It is important for churches and Christian educational institutions to work hard on the integration of faith and science. Further to what was stated above concerning many young people leaving church today, some Christians’ fears and/or disregard for science in the church can lead scientifically minded and vocationally oriented individuals to feel isolated and leave church. David Kinnaman addresses this concern and many others in You Lost Me: Why Young Christians Are Leaving Church…And Rethinking Faith (Baker Books, 2011). Kinnaman quotes a young man named Mike, who says: “I knew from church that I couldn’t believe in both science and God, so that was it. I didn’t believe in God anymore” (p. 138). Christian leaders such as myself need to pursue the integration of faith and science in ways that foster and strengthen these respective domains (regarding this subject, see my recent post titled “Missing Links: On Faith and Science”).

With these points on the need for integration in mind, let’s turn to consider the relation of the brain, body, and beliefs. The hope is to show through such reflections as these that there is no necessary hostility between science and faith; perhaps the hostility and suspicion between science and religion is all in the mind. By overcoming the disconnect, we might be in a better position to connect people with church.

The brain, the body and beliefs are intimately connected. Take for example this PBS documentary titled “Faith and the Brain” that discusses how religious practices and beliefs influence the brain. So, too, there is a close connection between the rational and emotional dimensions of the brain, as discussed in the PBS documentary titled “The Adult Brain: to Think by Feeling”; their interaction is essential to one’s well-being.

One of the things that stand out to me from these studies is that we are fearfully and wonderfully made. As the Psalmist writes, “I praise you, for I am fearfully and wonderfully made. Wonderful are your works; my soul knows it very well” (Psalm 139:14; ESV). Religion should not fear science, but learn from scientific truth. I believe the more we learn from science, the more we will come to realize that we are truly fearfully and wonderfully made.

Greater consideration of scientific studies should demonstrate to Christians the profundity of biblical faith and its emphasis on the profound connection between the spiritual and physical dimensions. For example, orthodox Christianity prizes embodiment. We do not exist as disembodied spirits, but rather, as embodied souls. The eternal Word did not hover above the physical world, but became flesh and blood (John 1:14). Such theological considerations should help us to take seriously the scientific studies noted above that there is a close connection between the body, brain, and beliefs. Such theological considerations and scientific studies can also help churches foster greater inclusivity and connections with people who might otherwise leave church.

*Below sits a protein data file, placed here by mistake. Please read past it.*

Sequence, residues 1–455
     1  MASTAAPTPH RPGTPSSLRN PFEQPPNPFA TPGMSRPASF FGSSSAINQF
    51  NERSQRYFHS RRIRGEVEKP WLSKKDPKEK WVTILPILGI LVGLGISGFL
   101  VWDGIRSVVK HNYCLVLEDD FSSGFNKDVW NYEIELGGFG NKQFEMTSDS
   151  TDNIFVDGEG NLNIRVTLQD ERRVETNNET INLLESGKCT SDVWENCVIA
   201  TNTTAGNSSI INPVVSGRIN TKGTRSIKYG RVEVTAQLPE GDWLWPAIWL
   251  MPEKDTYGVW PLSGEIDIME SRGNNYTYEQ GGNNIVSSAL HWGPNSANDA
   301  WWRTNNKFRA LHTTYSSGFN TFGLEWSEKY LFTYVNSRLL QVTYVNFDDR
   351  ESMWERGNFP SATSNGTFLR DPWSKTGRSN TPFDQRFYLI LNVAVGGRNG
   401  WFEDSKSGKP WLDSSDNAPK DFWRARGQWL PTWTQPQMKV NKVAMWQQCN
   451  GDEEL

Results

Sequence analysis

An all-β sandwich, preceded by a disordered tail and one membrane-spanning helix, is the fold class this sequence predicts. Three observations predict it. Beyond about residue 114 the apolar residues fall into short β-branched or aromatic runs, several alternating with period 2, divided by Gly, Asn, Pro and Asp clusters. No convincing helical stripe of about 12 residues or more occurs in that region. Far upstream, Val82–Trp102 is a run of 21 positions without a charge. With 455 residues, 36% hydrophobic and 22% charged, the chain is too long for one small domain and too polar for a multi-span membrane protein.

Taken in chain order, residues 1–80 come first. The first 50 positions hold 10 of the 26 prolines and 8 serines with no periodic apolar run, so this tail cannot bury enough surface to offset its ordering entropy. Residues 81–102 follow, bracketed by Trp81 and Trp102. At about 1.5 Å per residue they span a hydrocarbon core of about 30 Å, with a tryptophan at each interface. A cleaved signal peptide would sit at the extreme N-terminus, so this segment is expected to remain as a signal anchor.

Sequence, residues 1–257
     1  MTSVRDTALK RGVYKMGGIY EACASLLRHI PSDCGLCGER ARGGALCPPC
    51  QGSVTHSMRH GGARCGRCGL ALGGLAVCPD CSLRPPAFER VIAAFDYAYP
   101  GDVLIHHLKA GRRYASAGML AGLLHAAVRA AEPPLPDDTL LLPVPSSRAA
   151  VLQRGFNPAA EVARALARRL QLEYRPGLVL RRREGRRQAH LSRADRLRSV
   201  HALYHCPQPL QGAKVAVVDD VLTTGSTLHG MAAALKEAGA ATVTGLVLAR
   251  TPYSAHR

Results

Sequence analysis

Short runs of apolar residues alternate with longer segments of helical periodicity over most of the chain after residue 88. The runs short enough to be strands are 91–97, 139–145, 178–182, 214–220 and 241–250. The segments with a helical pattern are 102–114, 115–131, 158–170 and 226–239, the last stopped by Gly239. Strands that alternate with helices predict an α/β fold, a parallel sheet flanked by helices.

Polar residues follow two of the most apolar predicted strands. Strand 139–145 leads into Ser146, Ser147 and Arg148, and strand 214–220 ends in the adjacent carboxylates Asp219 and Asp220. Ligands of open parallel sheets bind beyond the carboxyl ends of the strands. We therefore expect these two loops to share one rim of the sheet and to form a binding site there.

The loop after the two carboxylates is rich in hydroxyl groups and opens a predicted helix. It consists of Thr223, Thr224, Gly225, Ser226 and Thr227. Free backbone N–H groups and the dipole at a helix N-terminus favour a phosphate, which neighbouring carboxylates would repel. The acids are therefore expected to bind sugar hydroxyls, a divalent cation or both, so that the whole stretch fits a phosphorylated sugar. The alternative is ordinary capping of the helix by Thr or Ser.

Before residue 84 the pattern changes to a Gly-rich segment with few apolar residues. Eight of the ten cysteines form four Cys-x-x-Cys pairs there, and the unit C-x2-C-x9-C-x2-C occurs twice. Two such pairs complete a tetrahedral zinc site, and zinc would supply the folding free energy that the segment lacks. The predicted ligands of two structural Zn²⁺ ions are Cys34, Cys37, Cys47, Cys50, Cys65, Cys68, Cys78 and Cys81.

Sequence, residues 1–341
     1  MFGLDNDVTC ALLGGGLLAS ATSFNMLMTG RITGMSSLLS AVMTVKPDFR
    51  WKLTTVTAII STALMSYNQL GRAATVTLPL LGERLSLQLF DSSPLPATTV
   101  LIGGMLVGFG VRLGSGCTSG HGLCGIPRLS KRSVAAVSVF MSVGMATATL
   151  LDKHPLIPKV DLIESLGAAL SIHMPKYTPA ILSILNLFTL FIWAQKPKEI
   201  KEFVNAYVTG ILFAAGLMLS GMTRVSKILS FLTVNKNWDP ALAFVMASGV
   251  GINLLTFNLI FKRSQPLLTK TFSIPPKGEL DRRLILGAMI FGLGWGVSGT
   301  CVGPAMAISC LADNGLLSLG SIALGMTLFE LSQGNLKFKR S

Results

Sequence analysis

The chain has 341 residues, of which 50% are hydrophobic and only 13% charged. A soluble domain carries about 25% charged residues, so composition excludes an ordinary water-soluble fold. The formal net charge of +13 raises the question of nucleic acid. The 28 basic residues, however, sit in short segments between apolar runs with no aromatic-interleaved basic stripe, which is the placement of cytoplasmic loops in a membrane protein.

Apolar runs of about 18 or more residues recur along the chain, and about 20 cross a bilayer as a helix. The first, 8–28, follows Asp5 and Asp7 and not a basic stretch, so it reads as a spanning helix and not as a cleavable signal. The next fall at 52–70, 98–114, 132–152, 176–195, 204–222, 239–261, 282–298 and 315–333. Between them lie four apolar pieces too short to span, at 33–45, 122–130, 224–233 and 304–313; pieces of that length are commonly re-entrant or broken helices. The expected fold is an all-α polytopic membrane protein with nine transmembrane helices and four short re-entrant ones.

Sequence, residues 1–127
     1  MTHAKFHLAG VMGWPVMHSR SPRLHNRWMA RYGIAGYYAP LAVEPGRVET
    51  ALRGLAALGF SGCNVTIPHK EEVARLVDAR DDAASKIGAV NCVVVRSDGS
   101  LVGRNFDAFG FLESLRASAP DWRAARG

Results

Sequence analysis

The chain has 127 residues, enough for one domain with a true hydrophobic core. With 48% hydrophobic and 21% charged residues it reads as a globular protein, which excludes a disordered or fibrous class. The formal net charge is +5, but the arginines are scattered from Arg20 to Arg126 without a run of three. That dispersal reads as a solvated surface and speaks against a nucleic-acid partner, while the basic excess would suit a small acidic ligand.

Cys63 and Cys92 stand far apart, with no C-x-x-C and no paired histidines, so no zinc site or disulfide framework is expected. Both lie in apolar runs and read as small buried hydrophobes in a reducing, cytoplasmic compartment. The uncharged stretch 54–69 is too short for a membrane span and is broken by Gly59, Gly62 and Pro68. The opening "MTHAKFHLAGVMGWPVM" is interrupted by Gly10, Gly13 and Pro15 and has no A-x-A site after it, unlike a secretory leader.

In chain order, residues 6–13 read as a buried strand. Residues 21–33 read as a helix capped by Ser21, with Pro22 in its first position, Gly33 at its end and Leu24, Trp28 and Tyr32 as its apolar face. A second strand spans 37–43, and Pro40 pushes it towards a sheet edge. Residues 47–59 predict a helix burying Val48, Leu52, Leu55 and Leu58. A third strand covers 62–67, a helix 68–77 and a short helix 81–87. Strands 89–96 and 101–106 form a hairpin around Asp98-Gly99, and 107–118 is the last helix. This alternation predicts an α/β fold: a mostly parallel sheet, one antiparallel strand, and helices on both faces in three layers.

Let’s take two examples. First, let’s take technology. In view of the theological considerations and scientific studies noted above, churches should encourage parishioners to be mindful of how technology can impact them, often for the good, but also, often for the bad. Here is what one of my seminary students John Lussier writes,

My question(s) on embodied presence: When it comes to personhood and relationality, is there something important to our being bodied people? When we remove the body but leave communication, does this change how we relate? Christ came as an embodied human male, and not as a spirit or human soul without a body. Why is this important? Does the body matter or is it simply a tool for relationality? What happens when we use technology in place of our body to communicate? Is technology that removes the bodily presence an extension of the human, a dissection or something else entirely?

John is by no means antagonistic to technology; actually, he is quite adept at it. Still, he and I wonder why many people today often prefer texting to other forms of communication. What is the impact of texting on our relationships if it and other non-physically present means of communication do not complement but rather replace face-to-face communication? While technology can create venues for greater accessibility, virtual church gatherings through social media can never take the place of embodied church. Orthodox Christian faith requires that we come together as embodied souls, not disembodied spirits. Face-to-face interaction strengthens our faith; I believe this is what the writer of Hebrews has in mind: “And let us consider how to stir up one another to love and good works, not neglecting to meet together, as is the habit of some, but encouraging one another, and all the more as you see the Day drawing near” (Hebrews 10:24-25; ESV). I wonder if the decline in church attendance has something to do with the decline in face-to-face interaction in society in favor of virtual connections.